The weather in Germany is frequently rainy. Citizens seem to embrace this, as dismal as it is. Perhaps they’ve all chosen to remain here because the grey skies give them something to be displeased about. (Complaining is a national pasttime.) (Hmm, come to think of it, I’d fit right in.)
Yet for six weeks over the summer, there was no rain. The dry spell did not affect the vegetation, so far as I can see — the countryside is as lush and green as pond water downstream from the phosphate factory — but the rivers have shrunk appreciably.
Now the Rhine has an extra 20 feet of shore on each side, revealing about a zillion clamshells and a few discarded tires. Not far from the eastern bank stands the Dom, the Köln Cathedral, imposing like a nun at the back of a grade-school classroom, ruler in hand, veil not quite hiding the dark scowl. The huge church is oppressive in spite of its coating of thousand-year-old grime.
I never pass an opportunity to stack river stones into sculpture — order from chaos, balance in defiance of gravity, art using raw materials from nature. (Yes, I’m a fan of Andy Goldsworthy.) Faintly visible in the background are two gondola cars from the Kölner Seilbahn.
The modernization of the German steel industry has orphaned a number of steelworks. We visited one that has been uniquely repurposed as a tourist attraction, Landschaftspark Duisburg-Nord. An artist (Jonathan Park) was commissioned to create a permananent installation of primary-colored lights, which at night transform this enormous, hundred-year-old industrial blight into surreal beauty.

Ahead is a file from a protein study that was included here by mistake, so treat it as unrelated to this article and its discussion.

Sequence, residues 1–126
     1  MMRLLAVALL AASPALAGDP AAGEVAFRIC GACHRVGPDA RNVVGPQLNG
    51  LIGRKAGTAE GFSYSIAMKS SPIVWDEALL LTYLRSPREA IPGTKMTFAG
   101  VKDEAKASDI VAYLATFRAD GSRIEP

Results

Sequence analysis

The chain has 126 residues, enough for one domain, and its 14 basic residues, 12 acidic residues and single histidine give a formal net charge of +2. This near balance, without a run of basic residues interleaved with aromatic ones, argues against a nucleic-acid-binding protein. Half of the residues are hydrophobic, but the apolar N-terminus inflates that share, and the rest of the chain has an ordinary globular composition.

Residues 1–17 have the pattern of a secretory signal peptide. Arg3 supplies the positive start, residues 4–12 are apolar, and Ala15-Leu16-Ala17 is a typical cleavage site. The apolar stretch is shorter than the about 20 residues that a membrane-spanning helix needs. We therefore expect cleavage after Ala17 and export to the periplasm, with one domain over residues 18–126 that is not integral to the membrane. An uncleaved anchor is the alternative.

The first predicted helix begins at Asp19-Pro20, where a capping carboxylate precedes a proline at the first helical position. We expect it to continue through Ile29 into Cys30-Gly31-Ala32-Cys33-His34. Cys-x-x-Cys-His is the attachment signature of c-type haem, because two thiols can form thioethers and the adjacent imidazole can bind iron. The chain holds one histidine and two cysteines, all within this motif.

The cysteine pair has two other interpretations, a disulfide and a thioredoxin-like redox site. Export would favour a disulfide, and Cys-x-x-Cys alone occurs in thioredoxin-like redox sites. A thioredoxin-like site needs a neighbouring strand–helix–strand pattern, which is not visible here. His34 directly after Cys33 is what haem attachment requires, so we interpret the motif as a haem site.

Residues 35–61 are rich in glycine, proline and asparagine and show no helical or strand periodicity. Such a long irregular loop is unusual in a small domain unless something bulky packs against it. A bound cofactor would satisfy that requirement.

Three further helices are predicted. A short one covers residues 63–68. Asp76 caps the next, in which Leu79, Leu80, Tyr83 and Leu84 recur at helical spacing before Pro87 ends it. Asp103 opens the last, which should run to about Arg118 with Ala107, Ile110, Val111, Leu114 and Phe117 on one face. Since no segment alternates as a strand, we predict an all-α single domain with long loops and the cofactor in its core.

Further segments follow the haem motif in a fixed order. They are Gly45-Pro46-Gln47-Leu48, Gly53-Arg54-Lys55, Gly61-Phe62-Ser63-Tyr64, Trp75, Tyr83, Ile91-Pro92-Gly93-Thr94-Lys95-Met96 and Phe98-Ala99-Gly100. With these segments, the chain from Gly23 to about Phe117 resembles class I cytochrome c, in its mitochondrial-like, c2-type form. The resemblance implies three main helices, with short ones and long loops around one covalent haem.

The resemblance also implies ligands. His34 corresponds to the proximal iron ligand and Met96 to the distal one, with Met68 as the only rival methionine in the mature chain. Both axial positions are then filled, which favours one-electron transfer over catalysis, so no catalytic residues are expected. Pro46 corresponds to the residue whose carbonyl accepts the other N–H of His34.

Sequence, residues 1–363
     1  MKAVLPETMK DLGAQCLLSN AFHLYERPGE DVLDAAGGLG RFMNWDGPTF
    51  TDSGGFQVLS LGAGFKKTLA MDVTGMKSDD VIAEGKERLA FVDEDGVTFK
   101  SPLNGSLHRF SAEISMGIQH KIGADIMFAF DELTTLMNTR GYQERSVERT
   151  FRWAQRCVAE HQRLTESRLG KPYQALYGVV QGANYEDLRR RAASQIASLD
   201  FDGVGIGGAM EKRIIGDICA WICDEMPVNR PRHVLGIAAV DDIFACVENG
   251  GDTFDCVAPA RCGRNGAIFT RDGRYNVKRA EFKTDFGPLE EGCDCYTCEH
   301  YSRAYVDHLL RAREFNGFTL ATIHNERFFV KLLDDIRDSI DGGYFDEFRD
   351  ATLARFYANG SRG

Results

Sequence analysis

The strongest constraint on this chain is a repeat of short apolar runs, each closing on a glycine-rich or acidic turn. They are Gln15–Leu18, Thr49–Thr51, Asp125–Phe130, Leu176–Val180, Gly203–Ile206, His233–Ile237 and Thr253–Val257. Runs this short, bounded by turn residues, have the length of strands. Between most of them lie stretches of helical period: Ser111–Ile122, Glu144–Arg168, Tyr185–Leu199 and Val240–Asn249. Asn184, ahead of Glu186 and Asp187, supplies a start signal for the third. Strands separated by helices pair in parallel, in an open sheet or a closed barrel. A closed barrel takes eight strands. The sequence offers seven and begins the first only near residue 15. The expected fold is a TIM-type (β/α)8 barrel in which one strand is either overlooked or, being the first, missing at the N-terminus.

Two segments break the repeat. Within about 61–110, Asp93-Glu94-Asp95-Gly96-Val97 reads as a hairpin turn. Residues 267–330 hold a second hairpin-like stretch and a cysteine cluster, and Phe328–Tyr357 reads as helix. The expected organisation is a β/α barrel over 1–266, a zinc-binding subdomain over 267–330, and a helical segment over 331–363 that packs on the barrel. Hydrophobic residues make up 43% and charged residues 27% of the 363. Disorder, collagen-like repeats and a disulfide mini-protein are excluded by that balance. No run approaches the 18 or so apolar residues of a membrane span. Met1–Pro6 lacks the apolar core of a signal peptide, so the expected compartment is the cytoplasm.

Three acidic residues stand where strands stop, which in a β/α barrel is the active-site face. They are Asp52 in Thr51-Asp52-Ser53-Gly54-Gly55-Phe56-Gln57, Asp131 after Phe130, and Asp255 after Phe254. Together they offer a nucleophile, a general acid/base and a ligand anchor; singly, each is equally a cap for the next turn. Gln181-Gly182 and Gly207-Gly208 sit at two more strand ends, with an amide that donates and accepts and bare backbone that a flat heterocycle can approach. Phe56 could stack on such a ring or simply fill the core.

This is an exhibition that would last about 24 hrs in America, because that’s how long it would take a visitor to fall down one of the poorly-lit metal staircases and sue the park owners into bankruptcy. The passages and stairs have to be dark, or else the effect of the colored lights would be lost. The Germans pick their way through carefully in spite of the danger, and the exhibit is much better for it.
Not pictured, but equally impressive as an example of urban recycling is the ~80 foot tall Gasometer (storage tank) on the premises. It was scrubbed clean, filled with water, and is now the classroom for a scuba diving school.
The Ahr Valley is home to a number of small picturesque villages and a greater number of wineries. The towns, and the train connecting them, fill the valley. Climbing the steep hillsides are row after row of grape vines.
The trail is not a loop, but the train in the valley makes one-way hikes easy. We hiked up the valley for two or three hours, stopped for lunch, hiked on to the next town, and then rode the train back to our car.